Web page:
The New Zealand Hydrogen Aviation Consortium, a consortium of six international companies including Airbus, Air New Zealand, Christchurch Airport, Fortescue, Hiringa Energy and Fabrum, is calling for the lead in green hydrogen aviation in this country.
Established in February 2023, The consortium spent the past six months analyzing the hydrogen supply chain, Assess projected hydrogen needs in the local aviation market and examine what is required to establish a successful aviation hydrogen ecosystem in New Zealand. In addition, the consortium has developed recommendations for regulations and incentives needed to transition to a greener hydrogen aircraft system.
Thus, according to a recently published report entitled ‘Launching Green Hydrogen Aviation in Aotearoa New Zealand’, the capacity Reduction of carbon emissions by up to 900,000 tonnes per year by 2050 By using hydrogen powered aircraft. These aircraft will be used on New Zealand’s domestic routes.
Airbus, for its part, is working on developing the world’s first hydrogen aircraft for commercial use. Karine Guenan, vice president of Airbus zee Ecosystem, addresses that New Zealand is uniquely positioned to lead the testing and deployment of low-carbon aircraft.
“The country’s abundant renewable electricity and water resources are key advantages, while the size and length of routes used here match the capabilities of hydrogen-powered aircraft. This report describes the ecosystem needed to make this happen. It is a first step and Airbus is committed to using our experience to collaborate with the governmentIwi (Māori communities), businesses and other stakeholders need to do that,” Kwanan insists.
Christchurch-based Fabrum is already working on hydrogen aviation projects overseas. Christopher Boyle, president and co-founder of Fabrum, highlights that green hydrogen is a key component in the future of clean aviation. «Our team co-developed the world’s first electric aircraft engine for Magnix and developed superconducting electric motors and rotors for SAFFRAN and Airbus. We are currently manufacturing green hydrogen systems for airports and internal liquid hydrogen tanks for low emission aircraft. “The opportunity to use our expertise to ensure green hydrogen aviation takes off in New Zealand is exciting,” says Boyle.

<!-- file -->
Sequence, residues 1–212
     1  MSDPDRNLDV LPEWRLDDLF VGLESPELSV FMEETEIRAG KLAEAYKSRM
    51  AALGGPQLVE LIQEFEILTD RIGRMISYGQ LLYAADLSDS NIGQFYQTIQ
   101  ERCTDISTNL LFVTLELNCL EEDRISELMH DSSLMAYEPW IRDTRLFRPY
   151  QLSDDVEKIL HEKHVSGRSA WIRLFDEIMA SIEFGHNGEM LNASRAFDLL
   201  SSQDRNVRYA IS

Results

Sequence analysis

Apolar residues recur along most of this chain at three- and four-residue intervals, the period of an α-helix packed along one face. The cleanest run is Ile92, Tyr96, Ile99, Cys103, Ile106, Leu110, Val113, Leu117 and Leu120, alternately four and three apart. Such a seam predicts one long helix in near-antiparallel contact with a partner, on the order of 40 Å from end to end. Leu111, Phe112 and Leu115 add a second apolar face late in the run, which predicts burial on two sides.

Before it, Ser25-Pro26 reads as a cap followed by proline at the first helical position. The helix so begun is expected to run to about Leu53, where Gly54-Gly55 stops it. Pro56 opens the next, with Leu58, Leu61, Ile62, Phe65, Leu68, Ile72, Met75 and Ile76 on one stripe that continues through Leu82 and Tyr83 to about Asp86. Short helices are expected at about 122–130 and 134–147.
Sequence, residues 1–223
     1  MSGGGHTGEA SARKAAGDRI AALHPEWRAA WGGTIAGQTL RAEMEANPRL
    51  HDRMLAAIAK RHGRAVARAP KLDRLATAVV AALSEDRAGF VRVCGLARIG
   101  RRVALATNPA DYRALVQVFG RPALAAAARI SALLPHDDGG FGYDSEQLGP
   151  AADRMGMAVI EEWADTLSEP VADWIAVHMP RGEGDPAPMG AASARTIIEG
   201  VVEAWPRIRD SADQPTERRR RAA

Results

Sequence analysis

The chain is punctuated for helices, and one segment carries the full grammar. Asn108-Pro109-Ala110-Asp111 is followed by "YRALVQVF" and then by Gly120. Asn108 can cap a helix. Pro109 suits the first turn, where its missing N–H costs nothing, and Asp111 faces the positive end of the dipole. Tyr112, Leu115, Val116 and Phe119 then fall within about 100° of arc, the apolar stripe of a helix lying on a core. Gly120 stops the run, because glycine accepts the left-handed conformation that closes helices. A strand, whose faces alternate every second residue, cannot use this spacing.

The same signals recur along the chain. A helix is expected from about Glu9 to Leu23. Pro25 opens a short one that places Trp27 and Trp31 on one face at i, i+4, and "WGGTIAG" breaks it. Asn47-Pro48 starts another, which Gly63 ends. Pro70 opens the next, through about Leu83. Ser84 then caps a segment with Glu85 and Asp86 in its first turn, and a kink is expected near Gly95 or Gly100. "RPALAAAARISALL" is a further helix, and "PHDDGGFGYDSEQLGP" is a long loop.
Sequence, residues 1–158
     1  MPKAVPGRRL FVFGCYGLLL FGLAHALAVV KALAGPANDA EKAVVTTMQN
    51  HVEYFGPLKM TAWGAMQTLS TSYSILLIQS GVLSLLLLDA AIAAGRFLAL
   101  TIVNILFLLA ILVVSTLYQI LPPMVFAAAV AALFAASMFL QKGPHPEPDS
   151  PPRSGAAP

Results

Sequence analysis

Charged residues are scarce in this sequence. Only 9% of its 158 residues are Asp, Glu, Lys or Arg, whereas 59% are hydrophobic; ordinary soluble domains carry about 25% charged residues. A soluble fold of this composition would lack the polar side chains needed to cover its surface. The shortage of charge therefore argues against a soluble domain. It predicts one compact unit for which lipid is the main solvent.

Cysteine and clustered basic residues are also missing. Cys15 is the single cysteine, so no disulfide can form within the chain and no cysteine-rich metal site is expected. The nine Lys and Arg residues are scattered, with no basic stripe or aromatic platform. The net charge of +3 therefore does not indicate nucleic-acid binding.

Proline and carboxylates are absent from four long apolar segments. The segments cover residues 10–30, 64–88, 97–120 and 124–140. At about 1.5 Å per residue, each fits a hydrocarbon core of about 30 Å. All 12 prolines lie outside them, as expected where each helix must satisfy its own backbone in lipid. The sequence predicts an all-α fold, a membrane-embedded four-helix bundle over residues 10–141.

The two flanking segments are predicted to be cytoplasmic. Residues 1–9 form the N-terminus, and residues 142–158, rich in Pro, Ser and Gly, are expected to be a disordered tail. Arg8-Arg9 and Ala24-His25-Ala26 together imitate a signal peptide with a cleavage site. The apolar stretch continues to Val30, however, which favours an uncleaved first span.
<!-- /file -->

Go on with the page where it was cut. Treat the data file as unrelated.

Air New Zealand Chief Sustainability Officer Gerry Hannifin highlighted that the report provides information that will be used to develop a plan for hydrogen-powered aviation in New Zealand. «Air New Zealand is committed to decarbonising its operations. An airplane powered by green hydrogen is one of the possible components we can achieve. “This report provides key evidence points for both the aviation industry and decision makers to work together to do this,” Hannifin underlines.
The report shows that for a green hydrogen flight to take off in New Zealand, it will need:
– Scaling up new generation renewable energy generation in New Zealand to support green hydrogen production.
– Improving transmission and distribution capacity to bring renewable electricity where it is needed.
– Establish policies and regulations to create and support a green hydrogen ecosystem.
– Developing a series of new systems and processes to ensure the safe production, distribution and use of green hydrogen.
– Make production and distribution of green hydrogen more profitable to ensure its commercial viability.
Consortium modeling shows that New Zealand could use 100,000 tonnes of green hydrogen a year For hydrogen flights by 2050, Auckland, Wellington and Christchurch airports would require most aircraft to be fueled.
Nick Flock, General Director of Future Planning and Sustainability Christchurch Airport says it will need 6,700 gigawatt hours of renewable energy To make that green hydrogen. “This equates to up to 16% of New Zealand’s current total electricity supply. This demand presents an opportunity for companies. We have now committed to developing a hydrogen hub as part of our 400 hectare renewable energy complex, Kauai Park. Other airports around the world are doing the same,” Flack says.
Amy Barrett, head of Fortescue Global Aviation, said the report indicated that while establishing green hydrogen aircraft in New Zealand was a challenge, it was a practical and feasible solution. “Aviation, like our own iron ore operations, is one of the hardest sectors to decarbonize. Hard to decarbonize doesn’t mean it’s impossible; it takes a lot of effort and a long-term commitment. It also takes collaboration, and that’s what we’re doing here, and we need to work together to find better solutions.” We know that,” highlights Barrett.
For his part, Andrew Glennett, CEO of Hiringa Energy, highlighted the report. Have physical and regulatory infrastructure Low emission aircraft should be allowed to be tested and operated in New Zealand. “Green hydrogen is critical to the decarbonisation of New Zealand’s domestic aviation network, so it made perfect sense for Hringa to join the consortium. By sharing our first-hand technical, operational and commercial experience, we hope to accelerate New Zealand’s thriving green hydrogen landscape and drive the transition to clean aviation,” concludes Glennett.
This report marks a significant step forward in New Zealand’s efforts to lead And the transition towards fixed flight And reduces your carbon footprint. With the right support and collaboration between businesses, government and other stakeholders, the country can become a global leader in the adoption of green hydrogen technologies in aviation.
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